It sure feels like everywhere you look, the news is bad.
But what if I told you most companies reporting earnings these days are beating — that's right — beating estimates?
What if I told you 150,000 more Americans can qualify for a home mortgage now, thanks to the lower interest rates we've seen in just the last week?
And what if I told you more and more companies are buying back their stock because they're convinced the market's made it cheap.
Today, Procter and Gamble did.
I know these are just some stories. But why don't you see them reported?
I suspect because they don't quite fit the doom-and-gloom coverage journalists prefer you get, than the very real, fair and balanced story you "deserve" to get.
I have a theory on this: If you're miserable, you're going to sound miserable. And right about now, a lot of journalists are miserable.
I can't say as I blame them. The companies a lot of them work for are down-sizing, criticizing, even de-moralizing. In a nutshell, journalists aren't happy campers.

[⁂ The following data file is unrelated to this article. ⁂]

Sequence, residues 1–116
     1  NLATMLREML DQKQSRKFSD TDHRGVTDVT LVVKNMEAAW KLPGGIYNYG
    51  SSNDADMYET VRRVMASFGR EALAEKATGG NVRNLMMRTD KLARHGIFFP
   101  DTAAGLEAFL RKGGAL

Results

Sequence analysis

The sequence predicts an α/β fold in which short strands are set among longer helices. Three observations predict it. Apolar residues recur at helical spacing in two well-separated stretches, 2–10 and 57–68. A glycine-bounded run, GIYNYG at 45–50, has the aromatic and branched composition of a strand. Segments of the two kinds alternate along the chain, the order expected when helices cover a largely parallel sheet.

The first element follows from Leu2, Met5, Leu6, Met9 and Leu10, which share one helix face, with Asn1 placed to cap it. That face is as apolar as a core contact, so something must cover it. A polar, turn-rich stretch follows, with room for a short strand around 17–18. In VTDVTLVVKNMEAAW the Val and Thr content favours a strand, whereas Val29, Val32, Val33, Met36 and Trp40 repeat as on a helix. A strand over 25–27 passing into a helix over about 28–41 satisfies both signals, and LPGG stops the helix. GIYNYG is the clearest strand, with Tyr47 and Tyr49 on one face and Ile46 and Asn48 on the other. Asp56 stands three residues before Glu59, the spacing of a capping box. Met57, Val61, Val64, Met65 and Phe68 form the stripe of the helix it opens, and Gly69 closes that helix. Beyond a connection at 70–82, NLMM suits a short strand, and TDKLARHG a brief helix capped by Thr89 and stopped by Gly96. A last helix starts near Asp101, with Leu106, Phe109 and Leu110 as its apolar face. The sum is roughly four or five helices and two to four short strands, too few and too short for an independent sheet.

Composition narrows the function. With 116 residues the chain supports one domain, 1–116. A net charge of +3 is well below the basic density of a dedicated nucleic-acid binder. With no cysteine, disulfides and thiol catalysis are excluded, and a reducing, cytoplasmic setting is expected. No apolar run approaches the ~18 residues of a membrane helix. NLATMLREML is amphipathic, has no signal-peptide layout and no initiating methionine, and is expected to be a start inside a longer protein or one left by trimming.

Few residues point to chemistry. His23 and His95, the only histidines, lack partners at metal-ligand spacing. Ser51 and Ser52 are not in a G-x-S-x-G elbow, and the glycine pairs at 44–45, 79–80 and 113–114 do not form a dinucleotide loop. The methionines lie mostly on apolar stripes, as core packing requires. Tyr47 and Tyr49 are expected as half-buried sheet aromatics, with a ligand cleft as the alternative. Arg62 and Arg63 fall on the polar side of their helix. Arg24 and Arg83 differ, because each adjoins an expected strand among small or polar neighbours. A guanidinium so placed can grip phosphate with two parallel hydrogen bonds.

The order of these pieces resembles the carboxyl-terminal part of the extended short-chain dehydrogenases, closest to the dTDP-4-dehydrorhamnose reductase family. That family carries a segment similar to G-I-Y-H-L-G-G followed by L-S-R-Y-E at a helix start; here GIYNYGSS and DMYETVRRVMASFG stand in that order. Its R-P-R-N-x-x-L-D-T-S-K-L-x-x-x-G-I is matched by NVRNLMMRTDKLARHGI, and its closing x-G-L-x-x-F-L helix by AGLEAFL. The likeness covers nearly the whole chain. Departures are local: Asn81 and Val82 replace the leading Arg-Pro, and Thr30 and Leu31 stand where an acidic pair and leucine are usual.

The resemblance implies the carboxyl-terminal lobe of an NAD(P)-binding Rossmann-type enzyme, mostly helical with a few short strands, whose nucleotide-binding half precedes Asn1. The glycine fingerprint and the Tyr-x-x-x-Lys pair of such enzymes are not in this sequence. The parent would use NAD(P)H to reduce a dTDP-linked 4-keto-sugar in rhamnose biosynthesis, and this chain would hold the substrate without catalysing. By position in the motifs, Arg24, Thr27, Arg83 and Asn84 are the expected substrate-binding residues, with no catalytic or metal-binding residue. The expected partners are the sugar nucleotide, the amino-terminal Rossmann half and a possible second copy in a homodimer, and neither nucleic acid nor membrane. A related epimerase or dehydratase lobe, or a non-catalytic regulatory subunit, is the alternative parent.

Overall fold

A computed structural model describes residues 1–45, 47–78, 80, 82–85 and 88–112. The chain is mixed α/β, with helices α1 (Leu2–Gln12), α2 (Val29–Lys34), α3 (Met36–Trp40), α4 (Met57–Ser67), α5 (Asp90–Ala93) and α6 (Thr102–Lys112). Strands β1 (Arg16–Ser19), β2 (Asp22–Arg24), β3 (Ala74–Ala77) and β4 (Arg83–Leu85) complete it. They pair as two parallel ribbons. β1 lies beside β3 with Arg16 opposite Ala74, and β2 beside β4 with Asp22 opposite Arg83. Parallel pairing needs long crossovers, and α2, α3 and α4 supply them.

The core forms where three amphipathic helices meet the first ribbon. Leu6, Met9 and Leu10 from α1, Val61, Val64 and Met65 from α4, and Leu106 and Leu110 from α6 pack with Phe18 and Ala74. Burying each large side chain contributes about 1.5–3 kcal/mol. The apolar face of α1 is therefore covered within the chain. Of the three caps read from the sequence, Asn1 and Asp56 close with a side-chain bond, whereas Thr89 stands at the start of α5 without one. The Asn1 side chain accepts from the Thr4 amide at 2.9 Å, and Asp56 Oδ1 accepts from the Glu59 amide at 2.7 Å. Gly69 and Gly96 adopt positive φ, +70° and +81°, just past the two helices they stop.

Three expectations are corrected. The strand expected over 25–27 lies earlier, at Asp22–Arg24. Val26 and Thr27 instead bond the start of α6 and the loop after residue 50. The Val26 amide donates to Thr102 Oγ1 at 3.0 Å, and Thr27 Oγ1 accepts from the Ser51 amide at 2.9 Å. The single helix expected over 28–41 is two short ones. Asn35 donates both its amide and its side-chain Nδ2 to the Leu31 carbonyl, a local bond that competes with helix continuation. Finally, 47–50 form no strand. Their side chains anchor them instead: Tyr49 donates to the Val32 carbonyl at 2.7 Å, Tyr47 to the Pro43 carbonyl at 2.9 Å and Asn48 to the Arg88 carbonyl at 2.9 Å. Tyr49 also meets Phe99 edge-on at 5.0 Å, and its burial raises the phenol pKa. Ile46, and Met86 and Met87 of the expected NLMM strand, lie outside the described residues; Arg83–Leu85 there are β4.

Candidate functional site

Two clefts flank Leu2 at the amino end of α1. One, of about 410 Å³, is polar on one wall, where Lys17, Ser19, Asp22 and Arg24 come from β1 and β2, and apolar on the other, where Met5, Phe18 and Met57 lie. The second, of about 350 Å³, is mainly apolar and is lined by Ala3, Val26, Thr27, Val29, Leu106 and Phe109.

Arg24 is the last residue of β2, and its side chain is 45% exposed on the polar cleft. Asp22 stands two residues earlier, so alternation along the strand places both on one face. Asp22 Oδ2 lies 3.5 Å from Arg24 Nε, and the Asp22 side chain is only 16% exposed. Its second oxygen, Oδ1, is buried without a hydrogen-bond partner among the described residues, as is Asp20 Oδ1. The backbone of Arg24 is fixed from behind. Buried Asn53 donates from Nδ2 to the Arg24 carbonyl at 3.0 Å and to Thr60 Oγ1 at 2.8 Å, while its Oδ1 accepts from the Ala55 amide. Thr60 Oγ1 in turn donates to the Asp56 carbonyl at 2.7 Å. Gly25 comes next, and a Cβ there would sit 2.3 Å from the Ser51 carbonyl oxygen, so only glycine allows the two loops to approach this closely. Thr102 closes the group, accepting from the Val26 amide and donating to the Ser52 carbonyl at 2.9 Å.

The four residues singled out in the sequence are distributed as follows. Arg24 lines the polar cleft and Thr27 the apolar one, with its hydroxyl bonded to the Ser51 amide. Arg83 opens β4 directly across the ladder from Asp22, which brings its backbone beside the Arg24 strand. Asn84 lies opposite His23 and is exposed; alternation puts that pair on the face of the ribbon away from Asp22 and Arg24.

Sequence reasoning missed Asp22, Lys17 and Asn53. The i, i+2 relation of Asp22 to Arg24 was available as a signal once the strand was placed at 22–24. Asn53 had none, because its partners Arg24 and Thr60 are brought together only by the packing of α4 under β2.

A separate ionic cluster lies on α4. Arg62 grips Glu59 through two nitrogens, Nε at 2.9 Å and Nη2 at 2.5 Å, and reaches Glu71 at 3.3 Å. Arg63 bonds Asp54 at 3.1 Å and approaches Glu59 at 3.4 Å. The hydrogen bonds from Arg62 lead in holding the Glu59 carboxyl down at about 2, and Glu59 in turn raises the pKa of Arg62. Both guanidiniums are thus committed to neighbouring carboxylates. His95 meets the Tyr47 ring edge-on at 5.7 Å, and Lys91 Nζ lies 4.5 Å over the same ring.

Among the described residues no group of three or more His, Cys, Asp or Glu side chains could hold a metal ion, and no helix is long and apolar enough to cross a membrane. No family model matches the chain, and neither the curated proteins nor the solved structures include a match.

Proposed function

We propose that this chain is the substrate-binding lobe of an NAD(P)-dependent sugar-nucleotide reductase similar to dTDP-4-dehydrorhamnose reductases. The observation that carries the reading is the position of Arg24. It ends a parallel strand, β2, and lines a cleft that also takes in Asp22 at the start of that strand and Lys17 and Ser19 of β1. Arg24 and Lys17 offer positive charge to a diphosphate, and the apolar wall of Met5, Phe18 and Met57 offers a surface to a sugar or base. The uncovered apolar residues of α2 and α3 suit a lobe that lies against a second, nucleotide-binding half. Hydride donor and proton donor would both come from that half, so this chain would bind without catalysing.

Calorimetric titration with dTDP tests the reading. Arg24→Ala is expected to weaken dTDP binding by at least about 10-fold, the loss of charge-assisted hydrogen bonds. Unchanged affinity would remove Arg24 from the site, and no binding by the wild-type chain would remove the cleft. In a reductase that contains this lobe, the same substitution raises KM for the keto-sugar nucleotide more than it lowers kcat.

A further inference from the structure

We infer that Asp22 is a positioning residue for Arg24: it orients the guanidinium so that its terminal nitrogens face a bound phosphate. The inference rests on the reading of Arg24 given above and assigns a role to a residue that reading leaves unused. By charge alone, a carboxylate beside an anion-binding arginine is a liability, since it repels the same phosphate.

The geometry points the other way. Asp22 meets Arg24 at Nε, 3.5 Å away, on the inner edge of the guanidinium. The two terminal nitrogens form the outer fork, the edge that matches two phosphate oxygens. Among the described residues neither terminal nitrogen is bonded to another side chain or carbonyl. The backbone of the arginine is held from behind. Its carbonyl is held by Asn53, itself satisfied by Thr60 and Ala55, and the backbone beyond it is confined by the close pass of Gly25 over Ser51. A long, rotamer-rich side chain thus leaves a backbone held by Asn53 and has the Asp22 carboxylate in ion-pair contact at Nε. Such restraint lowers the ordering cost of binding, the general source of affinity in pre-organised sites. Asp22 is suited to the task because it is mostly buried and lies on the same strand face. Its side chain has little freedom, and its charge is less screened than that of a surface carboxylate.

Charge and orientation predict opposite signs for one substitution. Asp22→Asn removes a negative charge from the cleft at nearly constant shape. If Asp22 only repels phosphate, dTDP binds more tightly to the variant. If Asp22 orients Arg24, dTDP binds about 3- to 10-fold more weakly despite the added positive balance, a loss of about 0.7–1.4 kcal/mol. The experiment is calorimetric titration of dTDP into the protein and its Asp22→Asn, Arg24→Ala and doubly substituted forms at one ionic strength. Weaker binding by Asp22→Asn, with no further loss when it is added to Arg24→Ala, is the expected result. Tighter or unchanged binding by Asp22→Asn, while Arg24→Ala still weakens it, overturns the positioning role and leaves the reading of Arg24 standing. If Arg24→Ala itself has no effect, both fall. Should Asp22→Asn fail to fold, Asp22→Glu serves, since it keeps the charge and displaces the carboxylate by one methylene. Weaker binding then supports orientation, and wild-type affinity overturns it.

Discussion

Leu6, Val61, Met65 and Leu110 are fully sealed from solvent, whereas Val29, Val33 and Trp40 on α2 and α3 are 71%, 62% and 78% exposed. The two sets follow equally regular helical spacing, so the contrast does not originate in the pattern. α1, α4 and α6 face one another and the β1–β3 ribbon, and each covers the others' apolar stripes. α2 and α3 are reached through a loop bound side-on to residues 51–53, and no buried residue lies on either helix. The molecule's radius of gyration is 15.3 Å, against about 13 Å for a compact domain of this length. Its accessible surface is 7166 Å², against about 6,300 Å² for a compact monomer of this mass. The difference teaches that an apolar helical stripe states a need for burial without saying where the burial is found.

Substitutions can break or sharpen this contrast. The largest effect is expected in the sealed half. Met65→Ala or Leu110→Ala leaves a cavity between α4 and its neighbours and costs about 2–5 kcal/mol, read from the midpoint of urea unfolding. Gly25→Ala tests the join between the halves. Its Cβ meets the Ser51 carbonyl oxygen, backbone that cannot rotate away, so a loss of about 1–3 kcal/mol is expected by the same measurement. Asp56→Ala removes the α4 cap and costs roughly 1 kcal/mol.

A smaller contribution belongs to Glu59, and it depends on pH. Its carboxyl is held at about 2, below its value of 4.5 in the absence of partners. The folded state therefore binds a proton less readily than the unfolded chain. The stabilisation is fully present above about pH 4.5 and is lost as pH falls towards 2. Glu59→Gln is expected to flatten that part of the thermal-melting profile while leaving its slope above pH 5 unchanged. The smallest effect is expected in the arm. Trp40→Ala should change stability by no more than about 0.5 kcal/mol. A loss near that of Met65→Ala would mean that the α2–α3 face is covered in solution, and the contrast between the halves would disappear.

I can live with that.
What I can't live with is their spilling that misery into their reporting. You see some layoffs and make it an epidemic. You see some crooked companies and swear they're all thieves. And you see some lousy economic numbers and swear it's a depression.
It's just not so. Here's what is.
Some companies are hurting. Most are not.
Some CEOs are crooks. Most are not.
And six percent of Americans are out of work. 94 percent-plus are not.
I'm not saying, everyone forget the bad news. I'm just saying, let's not forget the good news.
What do you think? Send your comments to: firstname.lastname@example.org. And watch Neil Cavuto's Common Sense weekdays at 4 p.m. ET on Your World w/Cavuto.